1. The creation of a farm narrative identifying challenges, goals, and opportunities, a statement of purpose, and description of farm enterprises; 
  2. A site assessment identifying the biophysical and economic conditions of each farm. Biophysical conditions relate to soils, water and water quality, climate, and the farm’s geographic location (i.e., distance to markets which will influence what type of crops the farmer might grow). Economic conditions include markets, infrastructure, off-farm alternatives, availability of credit and labor, and willingness to take risks; and 
  3. An alley cropping field design, including a planting and implementation plan influenced by the farm narrative and site assessment documents. 

Objective 2 Methods:

Install the planting-plan(s) outlined in the land-use plan using labor supplied by the two farms:

  1. Pattern the planting site by laying out the planting lanes;
  2. Prepare land for tree planting by removing sod, tilling soil, and adding amendments; and
  3. Plant trees and/or shrubs and field crops according to the planting plan at both sites that is in accordance with the land use plan that has been developed specific to each farm.

Objective 3 Methods:

To maximize the impact of these two demonstration sites, we will utilize various methods, providing multiple modes of engagement.

Phase 1: Documentation: 

  1. Develop case studies for each farm, including the design and implementation process and results. For each case study we will collect and share data on 1) the species planted; 2) the rationale for their selection (based on the biophysical properties, economic profile, and goals of each farm); 3) the number of trees/shrubs/plants planted and in what configuration; 4) the process for planting, including the use of any soil amendments and/or mulches and other materials utilized for protection of newly planted trees/shrubs/crops; 5) the total costs of the project, including time, labor, and materials; 6) the land use plan developed as the foundation for these processes; and 7) any resulting questions, successes, and challenges. The documentation will be available on the Interlace Commons, UMASS student farm, and Simple Gifts’ websites;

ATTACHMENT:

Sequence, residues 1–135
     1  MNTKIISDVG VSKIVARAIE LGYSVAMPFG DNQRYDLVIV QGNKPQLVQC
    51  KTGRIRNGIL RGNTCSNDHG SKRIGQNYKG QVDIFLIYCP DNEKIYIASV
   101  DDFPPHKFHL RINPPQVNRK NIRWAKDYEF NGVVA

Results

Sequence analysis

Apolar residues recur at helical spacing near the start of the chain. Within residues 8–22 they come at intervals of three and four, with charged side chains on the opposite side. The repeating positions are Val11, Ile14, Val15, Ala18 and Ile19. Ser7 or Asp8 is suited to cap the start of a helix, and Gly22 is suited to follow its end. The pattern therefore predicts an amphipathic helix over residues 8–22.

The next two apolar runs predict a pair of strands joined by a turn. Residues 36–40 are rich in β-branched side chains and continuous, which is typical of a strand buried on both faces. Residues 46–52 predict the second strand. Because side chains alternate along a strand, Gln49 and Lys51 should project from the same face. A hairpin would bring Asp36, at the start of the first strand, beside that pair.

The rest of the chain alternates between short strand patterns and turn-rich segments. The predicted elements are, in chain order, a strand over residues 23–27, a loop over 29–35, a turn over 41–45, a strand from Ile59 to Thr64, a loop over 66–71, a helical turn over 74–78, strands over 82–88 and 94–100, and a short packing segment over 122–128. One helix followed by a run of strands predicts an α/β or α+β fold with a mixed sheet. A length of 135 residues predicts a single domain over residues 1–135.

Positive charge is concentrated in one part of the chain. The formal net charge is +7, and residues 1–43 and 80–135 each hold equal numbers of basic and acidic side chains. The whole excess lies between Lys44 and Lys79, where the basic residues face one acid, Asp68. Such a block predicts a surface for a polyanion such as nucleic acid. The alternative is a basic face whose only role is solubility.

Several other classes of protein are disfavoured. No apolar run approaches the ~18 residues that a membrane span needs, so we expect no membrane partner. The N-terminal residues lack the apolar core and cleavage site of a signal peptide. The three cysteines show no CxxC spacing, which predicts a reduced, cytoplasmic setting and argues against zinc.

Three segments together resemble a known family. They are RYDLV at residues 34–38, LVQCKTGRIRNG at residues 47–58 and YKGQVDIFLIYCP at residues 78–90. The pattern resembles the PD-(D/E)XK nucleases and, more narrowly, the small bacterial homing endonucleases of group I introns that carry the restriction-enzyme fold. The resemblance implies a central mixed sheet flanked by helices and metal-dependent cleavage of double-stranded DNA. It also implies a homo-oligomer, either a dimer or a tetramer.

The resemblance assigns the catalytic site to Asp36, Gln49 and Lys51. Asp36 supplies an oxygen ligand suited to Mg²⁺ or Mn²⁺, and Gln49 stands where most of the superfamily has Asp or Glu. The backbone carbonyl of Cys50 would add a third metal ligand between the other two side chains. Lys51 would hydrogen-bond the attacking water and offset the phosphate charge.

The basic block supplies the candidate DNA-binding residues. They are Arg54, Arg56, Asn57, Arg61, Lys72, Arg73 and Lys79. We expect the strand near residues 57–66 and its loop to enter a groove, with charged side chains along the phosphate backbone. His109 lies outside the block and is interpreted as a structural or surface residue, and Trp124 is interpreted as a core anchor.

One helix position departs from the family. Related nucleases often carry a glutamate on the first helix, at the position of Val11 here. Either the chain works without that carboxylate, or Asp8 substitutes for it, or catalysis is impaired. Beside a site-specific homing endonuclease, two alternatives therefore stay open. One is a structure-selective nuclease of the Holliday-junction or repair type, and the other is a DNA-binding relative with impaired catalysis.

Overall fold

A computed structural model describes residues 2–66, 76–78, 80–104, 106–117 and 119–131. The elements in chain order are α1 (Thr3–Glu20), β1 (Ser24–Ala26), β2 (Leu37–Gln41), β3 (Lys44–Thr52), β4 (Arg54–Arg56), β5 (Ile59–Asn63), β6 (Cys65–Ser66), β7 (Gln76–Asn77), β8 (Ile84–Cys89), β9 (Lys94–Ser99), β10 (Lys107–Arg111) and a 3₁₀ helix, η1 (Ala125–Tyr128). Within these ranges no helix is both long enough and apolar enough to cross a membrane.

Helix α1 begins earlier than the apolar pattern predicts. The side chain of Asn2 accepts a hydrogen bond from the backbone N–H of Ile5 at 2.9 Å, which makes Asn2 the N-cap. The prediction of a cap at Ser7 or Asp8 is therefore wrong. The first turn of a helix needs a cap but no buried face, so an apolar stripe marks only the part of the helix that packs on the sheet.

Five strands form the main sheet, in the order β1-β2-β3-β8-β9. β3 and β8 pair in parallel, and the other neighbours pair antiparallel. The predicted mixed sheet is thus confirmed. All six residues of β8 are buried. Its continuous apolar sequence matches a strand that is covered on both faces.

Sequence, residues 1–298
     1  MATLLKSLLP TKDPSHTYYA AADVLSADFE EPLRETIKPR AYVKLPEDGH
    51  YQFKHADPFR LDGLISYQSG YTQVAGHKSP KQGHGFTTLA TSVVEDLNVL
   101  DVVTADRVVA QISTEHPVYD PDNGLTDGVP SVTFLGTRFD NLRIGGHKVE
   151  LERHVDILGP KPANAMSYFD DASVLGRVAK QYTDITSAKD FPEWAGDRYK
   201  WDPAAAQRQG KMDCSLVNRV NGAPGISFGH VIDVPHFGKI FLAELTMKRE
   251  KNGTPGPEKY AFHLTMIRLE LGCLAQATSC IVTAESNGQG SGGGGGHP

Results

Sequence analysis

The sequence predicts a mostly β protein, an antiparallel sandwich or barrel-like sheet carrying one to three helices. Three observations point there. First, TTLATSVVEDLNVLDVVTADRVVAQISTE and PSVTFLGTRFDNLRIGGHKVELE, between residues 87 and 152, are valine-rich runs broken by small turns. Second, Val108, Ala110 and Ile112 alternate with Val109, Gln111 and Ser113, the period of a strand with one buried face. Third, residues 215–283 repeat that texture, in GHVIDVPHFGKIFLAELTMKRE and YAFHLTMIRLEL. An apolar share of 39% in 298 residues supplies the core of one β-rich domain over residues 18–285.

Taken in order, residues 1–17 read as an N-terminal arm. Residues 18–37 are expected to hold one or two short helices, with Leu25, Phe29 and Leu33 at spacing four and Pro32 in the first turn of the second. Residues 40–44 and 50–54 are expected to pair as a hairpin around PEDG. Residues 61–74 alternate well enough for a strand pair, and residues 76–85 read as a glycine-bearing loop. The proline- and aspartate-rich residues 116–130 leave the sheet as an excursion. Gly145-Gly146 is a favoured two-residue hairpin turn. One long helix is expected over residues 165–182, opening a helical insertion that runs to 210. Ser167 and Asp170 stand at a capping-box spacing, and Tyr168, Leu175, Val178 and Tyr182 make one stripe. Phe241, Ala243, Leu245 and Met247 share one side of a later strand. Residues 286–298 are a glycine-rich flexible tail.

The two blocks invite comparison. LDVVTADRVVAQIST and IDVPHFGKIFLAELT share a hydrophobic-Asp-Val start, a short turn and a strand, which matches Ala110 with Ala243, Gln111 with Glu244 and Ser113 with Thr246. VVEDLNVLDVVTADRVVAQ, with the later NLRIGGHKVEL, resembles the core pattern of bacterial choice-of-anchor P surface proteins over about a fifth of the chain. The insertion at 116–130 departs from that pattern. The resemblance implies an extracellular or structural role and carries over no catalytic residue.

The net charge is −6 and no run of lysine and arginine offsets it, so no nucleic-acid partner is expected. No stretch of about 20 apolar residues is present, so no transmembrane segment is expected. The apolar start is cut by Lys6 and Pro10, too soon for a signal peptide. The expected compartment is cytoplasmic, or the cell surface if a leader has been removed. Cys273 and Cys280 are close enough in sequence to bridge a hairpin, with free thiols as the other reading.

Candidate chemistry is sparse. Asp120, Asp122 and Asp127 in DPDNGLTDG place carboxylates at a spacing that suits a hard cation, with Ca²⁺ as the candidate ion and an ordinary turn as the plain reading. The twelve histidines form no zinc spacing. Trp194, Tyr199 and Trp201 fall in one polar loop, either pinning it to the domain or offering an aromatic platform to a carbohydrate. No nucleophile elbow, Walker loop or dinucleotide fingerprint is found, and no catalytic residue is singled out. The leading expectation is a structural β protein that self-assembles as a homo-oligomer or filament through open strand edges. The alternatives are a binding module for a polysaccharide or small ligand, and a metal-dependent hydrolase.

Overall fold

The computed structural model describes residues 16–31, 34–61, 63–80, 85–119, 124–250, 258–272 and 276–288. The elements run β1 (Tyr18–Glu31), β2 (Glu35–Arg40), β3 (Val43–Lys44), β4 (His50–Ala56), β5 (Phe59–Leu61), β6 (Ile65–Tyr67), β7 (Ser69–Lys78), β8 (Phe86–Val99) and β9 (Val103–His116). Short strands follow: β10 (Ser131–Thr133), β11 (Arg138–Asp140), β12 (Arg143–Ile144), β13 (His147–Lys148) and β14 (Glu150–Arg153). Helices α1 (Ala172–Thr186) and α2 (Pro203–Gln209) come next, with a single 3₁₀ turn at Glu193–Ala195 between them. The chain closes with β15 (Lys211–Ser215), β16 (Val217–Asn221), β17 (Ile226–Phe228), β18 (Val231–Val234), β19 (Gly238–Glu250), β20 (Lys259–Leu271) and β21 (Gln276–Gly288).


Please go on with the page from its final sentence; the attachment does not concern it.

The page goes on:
2. Create a visual depiction of the project using high resolution before and after drone images (to be included in the case studies and on the sign described below); and
  3. Create permanent, educational signage to install in a kiosk format at the UMass site to provide comprehensive, year-round education and engagement.

Phase 2: Dissemination: 

  1. The farms will share their process, learning, and field design plans at a community presentation half way through the project. This helps build momentum, interest, and helps the farmers clarify their plans moving forward. 
  2. Meghan and Lisa will present on process and results at the Summer Northeast Organic Farming Association’s conference, which will include a site visit to the UMass farm and Simple Gifts Farm;
  3. Meghan will present on process and results at the Vermont Northeast Organic Farming Association conference; and